Big ole Tree

owScott

Well-Known Member
Found this pretty interesting thought i'd share in case you haven't seen it yet!
Definitely big tree. My question is why do all that rigging to then bring in a crane seems it would have been better to just do the whole tree with a crane. So I get there is less time with the crane doing only the wood, smaller crane bill. But that was 1 day rigging 1 day with crane the trade off is paying the whole crew for two days usually is more than just more crane hours. I look at this equation regularly. Generally bigger crane is more per hour but can do bigger picks, depending on landing of course, and with the right equipment on the ground it goes quicker. 2 days either way except 2nd day should be just wood hauling which requires way less guys. Also why wasn't he on the hook when he was rigging. Some of the rigging was questionable especially the big wood picks. 1 cable on 1 side of the log makes the piece come off wonky and pinches your saw. Wood that big over my head, I want 2 cables 1 on each side and the wood goes straight up. Finally for me when working on a spar on my flip line I want a second tie in. I usually these days would have my climb line chocked on the spar at my knees with my bulldog bone set up single line. 2 reasons if I cut the flipline or it comes off the spar and mainly if anything happens I have a direct escape to the ground for any reason. Amazing tree though worthy of a video.
 
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Finky198

Member
Cool video

Owscott I totally agree the lack of a second tie is important on especially big trees when you can’t always see... of course it’s best to check and recheck your position and cuts, but a backup never hurts.

I don’t do much crane work, but when chunking down big spars I like my 5/8 steel core and I’ll choke my static climbing line with a Grigri or my ID. I have a back up that can aide in position, but I have an instant bail out, as there is zero transition from working to repelling. I swap in a 2n1 lanyard for pines.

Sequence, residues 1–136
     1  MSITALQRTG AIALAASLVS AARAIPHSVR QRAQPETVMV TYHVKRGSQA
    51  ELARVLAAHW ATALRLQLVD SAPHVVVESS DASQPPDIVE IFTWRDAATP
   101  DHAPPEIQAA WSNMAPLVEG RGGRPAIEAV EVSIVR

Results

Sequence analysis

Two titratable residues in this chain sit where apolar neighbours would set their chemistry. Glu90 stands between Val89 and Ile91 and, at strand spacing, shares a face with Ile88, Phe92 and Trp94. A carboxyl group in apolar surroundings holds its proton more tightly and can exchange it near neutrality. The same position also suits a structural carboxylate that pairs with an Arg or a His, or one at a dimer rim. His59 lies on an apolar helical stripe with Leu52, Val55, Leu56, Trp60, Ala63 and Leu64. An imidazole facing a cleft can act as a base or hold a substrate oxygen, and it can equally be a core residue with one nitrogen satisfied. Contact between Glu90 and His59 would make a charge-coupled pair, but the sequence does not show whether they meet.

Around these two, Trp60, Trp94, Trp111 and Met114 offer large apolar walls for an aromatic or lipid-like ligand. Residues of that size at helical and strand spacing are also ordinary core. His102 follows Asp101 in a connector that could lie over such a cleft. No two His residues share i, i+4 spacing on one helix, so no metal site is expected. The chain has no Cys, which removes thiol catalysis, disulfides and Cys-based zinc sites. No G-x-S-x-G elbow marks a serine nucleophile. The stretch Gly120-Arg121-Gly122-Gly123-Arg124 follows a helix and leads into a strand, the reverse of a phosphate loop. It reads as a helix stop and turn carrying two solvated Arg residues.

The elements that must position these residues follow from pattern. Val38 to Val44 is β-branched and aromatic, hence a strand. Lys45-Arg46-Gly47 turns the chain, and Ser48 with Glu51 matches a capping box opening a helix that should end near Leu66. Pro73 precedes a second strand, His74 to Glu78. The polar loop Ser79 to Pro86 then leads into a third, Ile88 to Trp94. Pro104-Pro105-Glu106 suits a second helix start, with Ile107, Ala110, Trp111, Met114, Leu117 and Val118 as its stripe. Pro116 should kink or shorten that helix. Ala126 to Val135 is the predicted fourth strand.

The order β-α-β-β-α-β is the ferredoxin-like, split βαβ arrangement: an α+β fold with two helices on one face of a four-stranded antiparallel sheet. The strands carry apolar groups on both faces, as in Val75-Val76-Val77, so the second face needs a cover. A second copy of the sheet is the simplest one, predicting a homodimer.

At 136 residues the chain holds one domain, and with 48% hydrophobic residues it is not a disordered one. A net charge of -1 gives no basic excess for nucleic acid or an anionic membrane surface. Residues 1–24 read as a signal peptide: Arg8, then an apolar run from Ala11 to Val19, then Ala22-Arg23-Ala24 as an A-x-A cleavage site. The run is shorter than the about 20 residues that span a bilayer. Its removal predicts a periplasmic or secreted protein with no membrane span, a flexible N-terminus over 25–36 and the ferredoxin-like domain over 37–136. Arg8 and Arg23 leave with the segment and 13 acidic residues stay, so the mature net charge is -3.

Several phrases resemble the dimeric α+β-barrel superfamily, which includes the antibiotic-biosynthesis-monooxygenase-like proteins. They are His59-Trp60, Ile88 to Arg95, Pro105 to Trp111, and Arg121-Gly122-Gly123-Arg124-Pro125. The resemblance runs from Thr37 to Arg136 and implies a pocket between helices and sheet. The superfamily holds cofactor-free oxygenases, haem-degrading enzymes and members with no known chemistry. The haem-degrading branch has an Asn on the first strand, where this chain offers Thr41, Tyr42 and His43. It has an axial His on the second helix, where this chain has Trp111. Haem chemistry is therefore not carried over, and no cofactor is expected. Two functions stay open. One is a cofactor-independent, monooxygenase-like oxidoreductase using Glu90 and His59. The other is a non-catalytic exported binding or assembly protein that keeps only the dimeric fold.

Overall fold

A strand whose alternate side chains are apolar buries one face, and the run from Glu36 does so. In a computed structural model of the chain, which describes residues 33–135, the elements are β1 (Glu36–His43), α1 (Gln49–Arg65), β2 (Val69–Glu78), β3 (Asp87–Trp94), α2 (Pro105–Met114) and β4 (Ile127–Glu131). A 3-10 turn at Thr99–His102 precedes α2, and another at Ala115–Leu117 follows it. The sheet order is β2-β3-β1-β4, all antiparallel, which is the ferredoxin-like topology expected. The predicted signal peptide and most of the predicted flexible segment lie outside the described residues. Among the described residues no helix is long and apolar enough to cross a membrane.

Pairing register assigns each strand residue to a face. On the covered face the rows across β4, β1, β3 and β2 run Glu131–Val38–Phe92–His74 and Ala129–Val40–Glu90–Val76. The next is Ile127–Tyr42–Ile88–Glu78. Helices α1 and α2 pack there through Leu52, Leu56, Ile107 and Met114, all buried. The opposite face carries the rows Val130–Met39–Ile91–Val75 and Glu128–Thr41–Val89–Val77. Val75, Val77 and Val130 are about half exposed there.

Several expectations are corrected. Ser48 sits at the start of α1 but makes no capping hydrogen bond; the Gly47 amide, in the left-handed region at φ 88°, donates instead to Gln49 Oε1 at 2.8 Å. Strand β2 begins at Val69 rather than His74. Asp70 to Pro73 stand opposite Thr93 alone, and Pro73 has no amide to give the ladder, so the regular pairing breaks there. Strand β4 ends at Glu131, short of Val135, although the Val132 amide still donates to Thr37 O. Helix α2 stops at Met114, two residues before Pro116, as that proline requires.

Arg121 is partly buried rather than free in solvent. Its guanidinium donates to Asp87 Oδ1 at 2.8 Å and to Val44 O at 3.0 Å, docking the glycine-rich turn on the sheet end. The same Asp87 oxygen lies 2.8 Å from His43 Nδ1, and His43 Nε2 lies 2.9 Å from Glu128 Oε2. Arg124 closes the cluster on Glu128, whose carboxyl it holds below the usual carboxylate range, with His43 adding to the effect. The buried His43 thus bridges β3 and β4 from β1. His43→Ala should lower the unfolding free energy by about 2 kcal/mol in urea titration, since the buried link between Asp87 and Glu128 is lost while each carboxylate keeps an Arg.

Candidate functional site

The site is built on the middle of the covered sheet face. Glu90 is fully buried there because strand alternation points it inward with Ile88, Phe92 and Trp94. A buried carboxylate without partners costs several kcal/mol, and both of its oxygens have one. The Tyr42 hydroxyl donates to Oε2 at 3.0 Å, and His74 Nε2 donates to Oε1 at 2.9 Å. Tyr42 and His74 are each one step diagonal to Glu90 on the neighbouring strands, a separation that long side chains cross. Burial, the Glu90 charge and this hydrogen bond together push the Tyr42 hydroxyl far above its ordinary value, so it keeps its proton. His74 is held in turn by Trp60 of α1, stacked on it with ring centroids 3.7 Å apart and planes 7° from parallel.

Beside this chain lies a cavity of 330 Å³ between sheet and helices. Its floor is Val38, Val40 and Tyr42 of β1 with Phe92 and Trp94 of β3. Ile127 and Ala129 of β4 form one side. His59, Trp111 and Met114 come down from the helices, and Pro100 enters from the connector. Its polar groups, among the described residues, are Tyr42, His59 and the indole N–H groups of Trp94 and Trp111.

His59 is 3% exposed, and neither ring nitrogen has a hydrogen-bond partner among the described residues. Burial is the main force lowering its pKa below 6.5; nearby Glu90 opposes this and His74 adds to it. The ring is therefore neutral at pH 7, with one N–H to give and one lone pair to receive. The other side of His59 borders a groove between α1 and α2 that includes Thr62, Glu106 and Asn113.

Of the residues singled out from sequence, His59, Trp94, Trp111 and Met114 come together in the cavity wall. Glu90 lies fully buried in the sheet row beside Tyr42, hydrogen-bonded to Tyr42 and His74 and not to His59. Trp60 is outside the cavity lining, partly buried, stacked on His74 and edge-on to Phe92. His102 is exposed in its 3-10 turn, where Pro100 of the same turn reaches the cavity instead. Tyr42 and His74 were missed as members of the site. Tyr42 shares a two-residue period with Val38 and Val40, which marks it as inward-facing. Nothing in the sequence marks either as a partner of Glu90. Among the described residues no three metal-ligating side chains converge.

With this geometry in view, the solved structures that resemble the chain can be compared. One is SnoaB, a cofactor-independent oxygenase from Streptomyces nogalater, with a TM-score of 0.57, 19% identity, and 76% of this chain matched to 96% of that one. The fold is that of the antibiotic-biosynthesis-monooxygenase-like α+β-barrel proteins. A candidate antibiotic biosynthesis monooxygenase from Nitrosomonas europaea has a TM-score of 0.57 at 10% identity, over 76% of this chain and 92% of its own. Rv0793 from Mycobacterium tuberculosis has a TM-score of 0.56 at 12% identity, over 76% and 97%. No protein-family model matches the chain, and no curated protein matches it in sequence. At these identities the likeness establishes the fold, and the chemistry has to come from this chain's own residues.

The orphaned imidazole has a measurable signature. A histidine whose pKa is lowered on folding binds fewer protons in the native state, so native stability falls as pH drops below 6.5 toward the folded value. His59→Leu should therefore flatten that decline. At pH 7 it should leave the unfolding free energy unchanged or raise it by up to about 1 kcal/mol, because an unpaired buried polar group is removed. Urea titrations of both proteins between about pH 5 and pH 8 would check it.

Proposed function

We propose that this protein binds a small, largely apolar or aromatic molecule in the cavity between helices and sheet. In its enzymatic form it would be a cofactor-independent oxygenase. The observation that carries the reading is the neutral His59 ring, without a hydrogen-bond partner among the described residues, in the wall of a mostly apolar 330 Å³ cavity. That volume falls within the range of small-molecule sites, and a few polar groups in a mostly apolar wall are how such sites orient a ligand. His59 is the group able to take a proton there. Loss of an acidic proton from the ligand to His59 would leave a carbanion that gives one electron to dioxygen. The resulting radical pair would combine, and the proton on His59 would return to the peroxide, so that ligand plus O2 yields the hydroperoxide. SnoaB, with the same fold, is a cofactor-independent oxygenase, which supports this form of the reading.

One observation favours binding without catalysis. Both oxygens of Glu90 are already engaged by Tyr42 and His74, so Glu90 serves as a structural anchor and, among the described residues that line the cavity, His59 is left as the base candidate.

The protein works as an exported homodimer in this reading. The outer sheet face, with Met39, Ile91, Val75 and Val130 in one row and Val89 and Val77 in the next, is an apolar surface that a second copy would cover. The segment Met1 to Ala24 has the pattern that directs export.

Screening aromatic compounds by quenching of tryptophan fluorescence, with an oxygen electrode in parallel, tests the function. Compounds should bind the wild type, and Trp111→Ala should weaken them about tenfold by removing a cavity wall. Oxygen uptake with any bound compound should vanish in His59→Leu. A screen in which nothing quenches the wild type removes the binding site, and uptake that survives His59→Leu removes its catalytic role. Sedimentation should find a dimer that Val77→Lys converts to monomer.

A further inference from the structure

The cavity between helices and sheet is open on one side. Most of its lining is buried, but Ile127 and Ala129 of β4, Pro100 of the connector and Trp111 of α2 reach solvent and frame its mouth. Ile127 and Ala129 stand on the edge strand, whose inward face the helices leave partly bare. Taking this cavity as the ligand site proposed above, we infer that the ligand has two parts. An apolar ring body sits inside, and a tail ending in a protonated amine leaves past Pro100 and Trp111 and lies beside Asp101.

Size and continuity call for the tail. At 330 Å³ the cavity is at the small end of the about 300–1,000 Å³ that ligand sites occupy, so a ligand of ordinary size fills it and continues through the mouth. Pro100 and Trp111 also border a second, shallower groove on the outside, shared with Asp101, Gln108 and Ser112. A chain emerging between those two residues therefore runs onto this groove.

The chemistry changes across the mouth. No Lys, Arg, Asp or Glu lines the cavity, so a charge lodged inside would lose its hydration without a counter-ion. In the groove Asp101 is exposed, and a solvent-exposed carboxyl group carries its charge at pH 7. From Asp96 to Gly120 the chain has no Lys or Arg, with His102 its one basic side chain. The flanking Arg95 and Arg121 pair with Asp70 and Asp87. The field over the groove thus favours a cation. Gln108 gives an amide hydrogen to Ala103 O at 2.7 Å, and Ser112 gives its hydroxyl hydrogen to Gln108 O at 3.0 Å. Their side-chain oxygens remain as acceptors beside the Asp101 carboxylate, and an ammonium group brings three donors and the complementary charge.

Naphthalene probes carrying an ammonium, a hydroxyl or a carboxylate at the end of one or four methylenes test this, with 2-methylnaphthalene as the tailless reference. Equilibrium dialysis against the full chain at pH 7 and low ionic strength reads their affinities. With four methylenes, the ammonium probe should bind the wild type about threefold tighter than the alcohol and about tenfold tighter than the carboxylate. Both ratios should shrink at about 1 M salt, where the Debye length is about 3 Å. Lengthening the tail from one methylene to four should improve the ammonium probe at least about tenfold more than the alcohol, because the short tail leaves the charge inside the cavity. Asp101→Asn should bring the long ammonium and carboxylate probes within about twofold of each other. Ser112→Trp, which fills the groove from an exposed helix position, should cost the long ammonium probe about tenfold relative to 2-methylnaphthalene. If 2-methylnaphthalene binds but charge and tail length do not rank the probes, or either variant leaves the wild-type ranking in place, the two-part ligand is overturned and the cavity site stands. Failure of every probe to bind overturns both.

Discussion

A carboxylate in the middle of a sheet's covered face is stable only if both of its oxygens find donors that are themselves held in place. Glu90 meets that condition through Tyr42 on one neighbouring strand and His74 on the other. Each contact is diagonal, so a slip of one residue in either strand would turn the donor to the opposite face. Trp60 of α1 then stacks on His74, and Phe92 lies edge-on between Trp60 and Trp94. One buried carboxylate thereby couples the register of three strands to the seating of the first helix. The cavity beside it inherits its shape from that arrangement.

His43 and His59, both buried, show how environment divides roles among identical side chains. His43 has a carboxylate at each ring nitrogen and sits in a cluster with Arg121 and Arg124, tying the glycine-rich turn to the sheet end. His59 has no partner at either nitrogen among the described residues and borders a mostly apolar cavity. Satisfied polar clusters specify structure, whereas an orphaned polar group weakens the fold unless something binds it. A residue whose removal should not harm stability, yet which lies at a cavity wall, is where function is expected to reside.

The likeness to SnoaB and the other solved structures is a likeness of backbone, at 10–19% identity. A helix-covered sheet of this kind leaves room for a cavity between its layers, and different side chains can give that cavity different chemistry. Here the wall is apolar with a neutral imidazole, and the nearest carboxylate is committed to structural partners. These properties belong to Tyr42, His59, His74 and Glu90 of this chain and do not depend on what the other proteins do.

Similar methods... I have never need it during a true emergency, but I have practiced coming down on a few occasions to get the feeling.


The balance issue was definitely a little hairy for my taste...
 

rico

Well-Known Member
Definitely big tree. My question is why do all that rigging to then bring in a crane seems it would have been better to just do the whole tree with a crane. So I get there is less time with the crane doing only the wood, smaller crane bill. But that was 1 day rigging 1 day with crane the trade off is paying the whole crew for two days usually is more than just more crane hours. I look at this equation regularly. Generally bigger crane is more per hour but can do bigger picks, depending on landing of course, and with the right equipment on the ground it goes quicker. 2 days either way except 2nd day should be just wood hauling which requires way less guys. Also why wasn't he on the hook when he was rigging. Some of the rigging was questionable especially the big wood picks. 1 cable on 1 side of the log makes the piece come off wonky and pinches your saw. Wood that big over my head, I want 2 cables 1 on each side and the wood goes straight up. Finally for me when working on a spar on my flip line I want a second tie in. I usually these days would have my climb line chocked on the spar at my knees with my bulldog bone set up single line. 2 reasons if I cut the flipline or it comes off the spar and mainly if anything happens I have a direct escape to the ground for any reason. Amazing tree though worthy of a video.
Ow for the win, especially the comments on the less than stellar rigging on the larger logs, and the lack of a second tie in.
 

rope-a-dope

Well-Known Member
I didn't watch yet, but the reason for 2 days, instead of just one big crane day is usually hauling capacity. I know we have done this before cuz it made sense to not put everything on the ground all at once.
 

owScott

Well-Known Member
I didn't watch yet, but the reason for 2 days, instead of just one big crane day is usually hauling capacity. I know we have done this before cuz it made sense to not put everything on the ground all at once.
Their 1st day was chipping and 2nd day was wood handling same amount of capacity needed. Manually or with a crane the branches require the same capacity on day 1. I think what your saying is being able to manage both branches and wood at the same time " all at once" can be tough, I get that. A good crew and a mini with a grapple can chip and stage logs and keep up with the crane if they know what they are doing. Leaving only logs to haul day 2 requiring less guys. An ambitious company could be hauling logs as these other operations are happening. I give that climber props on 1 point he basically did that tree twice. Obviously I don't know all the parameters of the job so I am speculating a bit.
 
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